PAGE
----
If it ain’t broke, don’t fix it. Martin McDonagh, the celebrated playwright and writer/director of In Bruges, returns to cinema screens with another unpredictable dark comedy starring Colin Farrell. Farrell this time is a struggling Hollywood screenwriter bedevilled by writer’s block who has the misfortune to fall in with the real devils of the titular seven hoodlums in the course of some ill-advised research for his gangster script. Christopher Walken and Sam Rockwell, who starred in McDonagh’s between-film-projects play A Behanding in Spokane on Broadway, are also in the cast; something which speaks volumes about how much actors relish the chance to deliver McDonagh’s caustic, profane and theatrical dialogue.

 

 

Salmon Fishing in the Yemen
I have high hopes for this absurdist comedy starring Ewan McGregor and Emily Blunt, not least because Blunt is always a superb comedienne and McGregor did a very good baffled straight man in similar territory with The Men Who Stare at Goats. This is of course an adaptation of Paul Torday’s acclaimed (indeed Wodehouse Prize-winning) 2007 comic novel about a Sheikh’s improbable dream of introducing salmon fishing to, well, the Yemen, and the poor sap of a British expert hired to pull off this ludicrous proposition. The only problem is that the reliably dreadful Lasse Hallstrom is directing it; can script and actors overcome his dullness?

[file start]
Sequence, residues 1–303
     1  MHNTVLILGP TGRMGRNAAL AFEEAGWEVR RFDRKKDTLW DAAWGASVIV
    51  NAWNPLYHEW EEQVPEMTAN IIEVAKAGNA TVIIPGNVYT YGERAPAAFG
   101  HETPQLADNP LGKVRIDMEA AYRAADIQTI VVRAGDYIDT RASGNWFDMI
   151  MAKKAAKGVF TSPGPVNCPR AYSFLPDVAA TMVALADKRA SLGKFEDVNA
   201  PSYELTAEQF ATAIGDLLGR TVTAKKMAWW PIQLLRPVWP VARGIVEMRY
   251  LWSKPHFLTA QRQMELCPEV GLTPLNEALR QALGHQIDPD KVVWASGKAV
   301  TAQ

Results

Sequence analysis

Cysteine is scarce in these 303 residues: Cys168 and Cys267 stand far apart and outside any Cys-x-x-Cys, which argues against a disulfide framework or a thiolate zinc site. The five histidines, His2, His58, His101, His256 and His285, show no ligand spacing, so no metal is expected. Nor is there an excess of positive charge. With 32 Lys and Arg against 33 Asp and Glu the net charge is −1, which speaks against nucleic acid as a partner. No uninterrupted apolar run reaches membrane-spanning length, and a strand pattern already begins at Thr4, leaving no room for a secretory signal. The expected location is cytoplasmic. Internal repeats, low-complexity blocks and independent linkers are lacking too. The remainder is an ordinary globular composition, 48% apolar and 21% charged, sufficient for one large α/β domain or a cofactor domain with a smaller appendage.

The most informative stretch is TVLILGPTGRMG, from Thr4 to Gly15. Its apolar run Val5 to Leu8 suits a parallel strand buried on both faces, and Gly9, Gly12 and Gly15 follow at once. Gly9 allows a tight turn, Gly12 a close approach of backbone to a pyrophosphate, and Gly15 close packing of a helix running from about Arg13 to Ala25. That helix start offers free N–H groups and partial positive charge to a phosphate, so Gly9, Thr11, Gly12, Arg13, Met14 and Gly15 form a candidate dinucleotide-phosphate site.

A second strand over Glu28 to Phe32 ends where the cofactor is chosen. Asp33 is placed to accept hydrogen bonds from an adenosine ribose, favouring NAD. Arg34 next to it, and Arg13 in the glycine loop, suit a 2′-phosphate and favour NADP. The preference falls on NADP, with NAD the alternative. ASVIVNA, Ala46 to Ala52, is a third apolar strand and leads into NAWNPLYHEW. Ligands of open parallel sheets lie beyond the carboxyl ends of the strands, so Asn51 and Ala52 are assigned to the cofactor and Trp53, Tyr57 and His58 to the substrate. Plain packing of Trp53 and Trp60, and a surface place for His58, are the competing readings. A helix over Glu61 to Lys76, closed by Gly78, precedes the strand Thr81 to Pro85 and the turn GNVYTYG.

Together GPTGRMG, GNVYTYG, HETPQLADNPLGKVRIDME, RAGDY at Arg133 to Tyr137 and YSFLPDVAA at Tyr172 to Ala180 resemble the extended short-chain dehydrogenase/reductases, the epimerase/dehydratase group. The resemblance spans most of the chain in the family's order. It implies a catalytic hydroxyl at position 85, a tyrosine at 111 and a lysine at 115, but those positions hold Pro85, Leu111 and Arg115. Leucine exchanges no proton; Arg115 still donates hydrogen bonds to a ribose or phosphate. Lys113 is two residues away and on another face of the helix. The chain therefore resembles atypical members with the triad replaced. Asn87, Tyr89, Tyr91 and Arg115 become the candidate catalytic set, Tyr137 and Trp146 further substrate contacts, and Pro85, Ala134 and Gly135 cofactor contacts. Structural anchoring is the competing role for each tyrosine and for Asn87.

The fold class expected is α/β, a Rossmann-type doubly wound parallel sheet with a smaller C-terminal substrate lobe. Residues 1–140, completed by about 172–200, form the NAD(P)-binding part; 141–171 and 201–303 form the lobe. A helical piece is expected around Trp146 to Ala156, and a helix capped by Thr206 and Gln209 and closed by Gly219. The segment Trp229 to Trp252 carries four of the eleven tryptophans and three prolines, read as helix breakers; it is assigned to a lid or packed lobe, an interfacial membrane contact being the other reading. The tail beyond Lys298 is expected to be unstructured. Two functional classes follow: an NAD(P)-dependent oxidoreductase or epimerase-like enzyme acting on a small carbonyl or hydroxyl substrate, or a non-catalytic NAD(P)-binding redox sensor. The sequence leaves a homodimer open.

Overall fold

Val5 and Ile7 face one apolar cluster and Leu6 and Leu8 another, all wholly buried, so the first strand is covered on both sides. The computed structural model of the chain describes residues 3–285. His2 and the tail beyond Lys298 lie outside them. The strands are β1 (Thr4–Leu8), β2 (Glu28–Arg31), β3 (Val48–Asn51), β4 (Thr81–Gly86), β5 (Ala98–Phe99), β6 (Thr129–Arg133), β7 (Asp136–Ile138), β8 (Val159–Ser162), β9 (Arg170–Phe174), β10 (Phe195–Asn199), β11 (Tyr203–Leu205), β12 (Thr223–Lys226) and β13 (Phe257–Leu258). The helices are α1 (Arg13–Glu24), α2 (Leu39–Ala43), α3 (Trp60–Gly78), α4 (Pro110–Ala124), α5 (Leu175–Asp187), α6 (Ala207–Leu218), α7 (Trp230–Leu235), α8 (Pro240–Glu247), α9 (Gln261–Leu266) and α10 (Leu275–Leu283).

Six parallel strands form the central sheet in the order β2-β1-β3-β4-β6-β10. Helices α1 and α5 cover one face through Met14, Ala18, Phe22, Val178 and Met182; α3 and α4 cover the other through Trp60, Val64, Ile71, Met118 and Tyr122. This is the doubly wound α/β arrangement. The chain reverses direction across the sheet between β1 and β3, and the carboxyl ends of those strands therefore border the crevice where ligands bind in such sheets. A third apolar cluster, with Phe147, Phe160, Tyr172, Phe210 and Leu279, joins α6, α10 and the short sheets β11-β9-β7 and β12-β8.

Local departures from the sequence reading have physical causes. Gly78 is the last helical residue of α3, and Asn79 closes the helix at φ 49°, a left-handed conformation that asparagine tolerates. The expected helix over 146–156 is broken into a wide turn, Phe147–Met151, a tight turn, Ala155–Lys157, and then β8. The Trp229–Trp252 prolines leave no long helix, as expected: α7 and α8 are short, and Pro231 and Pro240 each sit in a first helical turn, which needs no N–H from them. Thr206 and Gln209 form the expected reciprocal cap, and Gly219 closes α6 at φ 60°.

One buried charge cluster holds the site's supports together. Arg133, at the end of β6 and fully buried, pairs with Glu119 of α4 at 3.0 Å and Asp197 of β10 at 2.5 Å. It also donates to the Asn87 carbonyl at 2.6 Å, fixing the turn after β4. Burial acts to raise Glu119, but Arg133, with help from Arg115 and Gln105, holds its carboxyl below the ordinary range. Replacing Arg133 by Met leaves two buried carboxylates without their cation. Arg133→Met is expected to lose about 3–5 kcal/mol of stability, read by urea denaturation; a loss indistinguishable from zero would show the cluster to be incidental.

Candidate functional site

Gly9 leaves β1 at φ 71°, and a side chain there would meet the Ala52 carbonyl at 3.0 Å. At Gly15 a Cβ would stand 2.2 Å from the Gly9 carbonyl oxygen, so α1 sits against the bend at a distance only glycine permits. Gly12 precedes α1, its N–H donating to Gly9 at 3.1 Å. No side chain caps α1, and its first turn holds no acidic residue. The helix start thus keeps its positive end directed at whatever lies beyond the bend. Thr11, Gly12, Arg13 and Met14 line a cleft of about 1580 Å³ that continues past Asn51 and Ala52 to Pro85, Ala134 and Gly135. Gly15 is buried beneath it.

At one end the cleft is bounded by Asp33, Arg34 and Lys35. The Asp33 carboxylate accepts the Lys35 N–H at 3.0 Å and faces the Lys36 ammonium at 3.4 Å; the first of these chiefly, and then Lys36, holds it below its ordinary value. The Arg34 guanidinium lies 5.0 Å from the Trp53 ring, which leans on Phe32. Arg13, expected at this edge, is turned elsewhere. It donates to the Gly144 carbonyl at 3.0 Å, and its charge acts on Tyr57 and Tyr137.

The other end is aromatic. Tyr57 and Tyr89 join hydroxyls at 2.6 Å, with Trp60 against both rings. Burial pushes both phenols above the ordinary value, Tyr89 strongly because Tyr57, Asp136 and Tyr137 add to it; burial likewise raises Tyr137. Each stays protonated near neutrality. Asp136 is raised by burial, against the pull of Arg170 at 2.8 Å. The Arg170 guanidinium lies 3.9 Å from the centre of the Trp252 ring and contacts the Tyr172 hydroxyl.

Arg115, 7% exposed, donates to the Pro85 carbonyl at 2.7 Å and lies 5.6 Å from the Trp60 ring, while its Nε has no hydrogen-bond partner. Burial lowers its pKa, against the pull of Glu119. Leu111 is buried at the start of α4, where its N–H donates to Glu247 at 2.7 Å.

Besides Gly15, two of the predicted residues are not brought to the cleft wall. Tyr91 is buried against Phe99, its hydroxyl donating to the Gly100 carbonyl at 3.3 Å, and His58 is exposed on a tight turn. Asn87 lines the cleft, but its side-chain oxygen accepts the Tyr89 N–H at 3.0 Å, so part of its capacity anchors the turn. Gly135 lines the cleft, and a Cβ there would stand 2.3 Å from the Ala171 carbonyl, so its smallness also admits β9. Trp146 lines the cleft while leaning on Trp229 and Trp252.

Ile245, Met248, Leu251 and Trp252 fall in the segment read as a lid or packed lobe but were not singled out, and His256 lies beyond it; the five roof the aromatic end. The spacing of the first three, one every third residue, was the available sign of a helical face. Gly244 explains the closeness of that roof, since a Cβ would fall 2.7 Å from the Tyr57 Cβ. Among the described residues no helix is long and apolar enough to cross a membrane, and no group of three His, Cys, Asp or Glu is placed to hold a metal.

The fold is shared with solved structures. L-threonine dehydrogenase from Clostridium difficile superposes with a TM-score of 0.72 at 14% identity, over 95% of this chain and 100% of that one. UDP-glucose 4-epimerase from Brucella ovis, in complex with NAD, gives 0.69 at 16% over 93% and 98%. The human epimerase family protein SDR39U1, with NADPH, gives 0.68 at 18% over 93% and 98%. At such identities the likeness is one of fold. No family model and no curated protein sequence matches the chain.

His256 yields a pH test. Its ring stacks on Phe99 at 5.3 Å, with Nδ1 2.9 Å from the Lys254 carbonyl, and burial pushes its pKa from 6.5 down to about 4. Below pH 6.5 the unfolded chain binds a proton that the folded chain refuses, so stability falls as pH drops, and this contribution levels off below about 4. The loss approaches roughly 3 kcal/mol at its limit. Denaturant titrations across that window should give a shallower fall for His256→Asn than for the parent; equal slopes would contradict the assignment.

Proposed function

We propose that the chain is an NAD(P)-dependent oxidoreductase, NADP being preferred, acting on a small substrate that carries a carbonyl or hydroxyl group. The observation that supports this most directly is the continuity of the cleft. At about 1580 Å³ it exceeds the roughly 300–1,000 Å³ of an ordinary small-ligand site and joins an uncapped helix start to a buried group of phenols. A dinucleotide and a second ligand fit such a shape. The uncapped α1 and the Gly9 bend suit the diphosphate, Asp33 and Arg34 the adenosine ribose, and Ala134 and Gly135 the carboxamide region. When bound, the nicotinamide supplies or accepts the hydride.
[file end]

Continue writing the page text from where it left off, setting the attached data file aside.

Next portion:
Skyfall
The studio has finally sorted out nightmarish legalistic-financial difficulties and so the awesome Daniel Craig returns for his third mission as 007. But Paul Haggis’ delightful rewrites are no more! Frost/Nixon scribe Peter Morgan now has the job of making Purvis & Wade’s gibberish action script legible to thinking humans before Sam Mendes directs it. Mendes has a flair for comedy, oft forgotten because his films have been so consistently and inexplicably miserabilist in subject matter, and he’ll draw top-notch performances from his stellar cast which includes Javier Bardem as the villain, Ben Whishaw as Q, Judi Dench as M, and Naoime Harris as Moneypenny. This might just be wonderful…

 

The Hobbit: An Unexpected Journey
Peter Jackson, having been kicked like a dog with mange for The Lovely Bones, returns to Tolkien. Martin Freeman brings his trademark assets of comic timing and understated decency to the titular role of Bilbo Baggins. Returning from LOTR are Ian McKellen, Cate Blanchett, Elijah Wood, and a presumably very grateful Orlando Bloom; he didn’t make any blockbusters between Pirates of the Caribbean 3 and The Three Musketeers. You should worry about Del Toro’s nonsense infecting the screenplay, and the opportunistic decision to make two films, but then hope that returning to his meisterwerk will rekindle the combination of flair and heart that Jackson’s lacked since.

July 6, 2011

Top 5 Michael Caine Movies

I wouldn’t like to give the impression that I was mean-spiritedly making fun either of Michael Caine or of cockney accents in last week’s sketch, so as a gesture of atonement here’s a Top 5 of my favourite Michael Caine movies. I’ve picked only ones in which he’s the lead.